Wednesday, October 8, 2014

#7 October 8 2014. Henry Miller’s Writing Commandments. The man was more disciplined than one might think.



It is hard to explain the commitment, discipline, fortitude and sacrifice that writing—or aspiring to write—at a certain level requires. Writing is a jealous god. It will deliver the greatest satisfaction and pleasure that can be achieved as a mortal, and yet it demands what many may well consider an unreasonable level of dedication. 

If you are serious about writing, though you may go through the motions of living a conventional existence, you live neither a balanced life, nor a free one. It is a true paradox that an activity which, on the face of it, leaves the writer free of the demands of conventional work—which yields you the time to do pretty much what you want—actually shackles you to the task at hand.

But, we are willing prisoners. “Work calmly, joyously, recklessly on whatever is in hand” says it beautifully.

Henry Miller is also clear about the priorities that are required. The good news: As can be seen from his photo, they do not exclude other pleasures.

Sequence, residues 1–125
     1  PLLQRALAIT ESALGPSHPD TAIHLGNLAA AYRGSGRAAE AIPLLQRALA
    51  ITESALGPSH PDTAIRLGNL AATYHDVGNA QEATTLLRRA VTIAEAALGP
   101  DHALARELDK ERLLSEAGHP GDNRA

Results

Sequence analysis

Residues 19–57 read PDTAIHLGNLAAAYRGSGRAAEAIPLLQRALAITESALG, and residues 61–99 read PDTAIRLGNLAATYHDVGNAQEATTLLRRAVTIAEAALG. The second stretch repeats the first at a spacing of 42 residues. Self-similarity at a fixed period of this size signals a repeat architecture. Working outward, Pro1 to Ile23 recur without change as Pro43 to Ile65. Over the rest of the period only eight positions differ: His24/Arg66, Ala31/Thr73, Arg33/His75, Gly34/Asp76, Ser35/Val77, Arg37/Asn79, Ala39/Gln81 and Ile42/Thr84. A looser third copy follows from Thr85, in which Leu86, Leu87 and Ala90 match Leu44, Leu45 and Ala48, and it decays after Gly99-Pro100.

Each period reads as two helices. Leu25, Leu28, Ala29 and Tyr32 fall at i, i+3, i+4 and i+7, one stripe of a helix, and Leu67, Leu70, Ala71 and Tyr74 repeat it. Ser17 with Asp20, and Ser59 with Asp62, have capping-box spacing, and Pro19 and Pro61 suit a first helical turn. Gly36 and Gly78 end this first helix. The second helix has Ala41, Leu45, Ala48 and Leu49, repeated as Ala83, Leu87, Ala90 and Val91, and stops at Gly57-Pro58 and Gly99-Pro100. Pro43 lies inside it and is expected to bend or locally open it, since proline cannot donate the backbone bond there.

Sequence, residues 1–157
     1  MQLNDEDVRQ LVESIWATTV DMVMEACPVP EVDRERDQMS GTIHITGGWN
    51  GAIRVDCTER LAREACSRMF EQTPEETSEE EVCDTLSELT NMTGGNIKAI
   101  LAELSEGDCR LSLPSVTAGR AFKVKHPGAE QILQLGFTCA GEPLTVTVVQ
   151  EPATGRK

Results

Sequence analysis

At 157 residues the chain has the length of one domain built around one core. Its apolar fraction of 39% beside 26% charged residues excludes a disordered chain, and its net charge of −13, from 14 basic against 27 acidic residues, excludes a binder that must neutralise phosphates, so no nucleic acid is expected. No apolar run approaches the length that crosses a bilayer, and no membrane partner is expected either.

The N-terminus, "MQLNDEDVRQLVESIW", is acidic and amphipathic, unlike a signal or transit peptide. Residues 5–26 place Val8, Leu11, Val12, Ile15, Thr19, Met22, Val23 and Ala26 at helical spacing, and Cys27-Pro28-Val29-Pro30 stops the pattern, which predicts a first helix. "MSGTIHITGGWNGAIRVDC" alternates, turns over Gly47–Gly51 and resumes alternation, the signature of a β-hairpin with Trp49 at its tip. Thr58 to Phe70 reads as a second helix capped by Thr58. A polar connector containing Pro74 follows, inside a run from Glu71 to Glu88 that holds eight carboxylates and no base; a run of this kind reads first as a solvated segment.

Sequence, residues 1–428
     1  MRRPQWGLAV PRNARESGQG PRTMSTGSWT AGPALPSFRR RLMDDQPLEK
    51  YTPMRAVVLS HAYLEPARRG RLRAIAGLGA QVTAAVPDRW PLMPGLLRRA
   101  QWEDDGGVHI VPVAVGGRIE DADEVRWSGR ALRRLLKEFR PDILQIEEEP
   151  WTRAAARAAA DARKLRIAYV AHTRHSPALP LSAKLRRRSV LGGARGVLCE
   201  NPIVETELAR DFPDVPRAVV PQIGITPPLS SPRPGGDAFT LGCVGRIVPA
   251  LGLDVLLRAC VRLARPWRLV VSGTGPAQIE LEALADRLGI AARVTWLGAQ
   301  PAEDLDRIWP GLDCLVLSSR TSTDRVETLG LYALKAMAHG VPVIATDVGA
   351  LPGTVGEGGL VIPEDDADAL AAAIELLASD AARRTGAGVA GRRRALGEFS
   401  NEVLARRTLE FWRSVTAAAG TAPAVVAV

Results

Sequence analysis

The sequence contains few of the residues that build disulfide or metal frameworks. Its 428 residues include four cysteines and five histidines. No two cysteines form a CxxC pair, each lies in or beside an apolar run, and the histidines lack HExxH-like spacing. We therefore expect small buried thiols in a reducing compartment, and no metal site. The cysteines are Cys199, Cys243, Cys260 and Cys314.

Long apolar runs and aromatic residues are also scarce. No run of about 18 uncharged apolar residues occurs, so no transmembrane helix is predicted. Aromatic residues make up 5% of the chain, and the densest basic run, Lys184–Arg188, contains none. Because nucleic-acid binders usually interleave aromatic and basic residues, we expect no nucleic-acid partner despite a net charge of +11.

Painting, music, friends, cinema, all these come afterwards.

    • Work on one thing at a time until finished.
    • Start no more new books, add no more new material to ‘Black Spring.’
    • Don’t be nervous. Work calmly, joyously, recklessly on whatever is in hand.
    • Work according to Program and not according to mood. Stop at the appointed time!
    • When you can’t create you can work.
    • Cement a little every day, rather than add new fertilizers.
    • Keep human! See people, go places, drink if you feel like it.
    • Don’t be a draught-horse! Work with pleasure only.
    • Discard the Program when you feel like it—but go back to it next day. Concentrate. Narrow down. Exclude.
    • Forget the books you want to write. Think only of the book you are writing.
    • Write first and always. Painting, music, friends, cinema, all these come afterwards.

304 words

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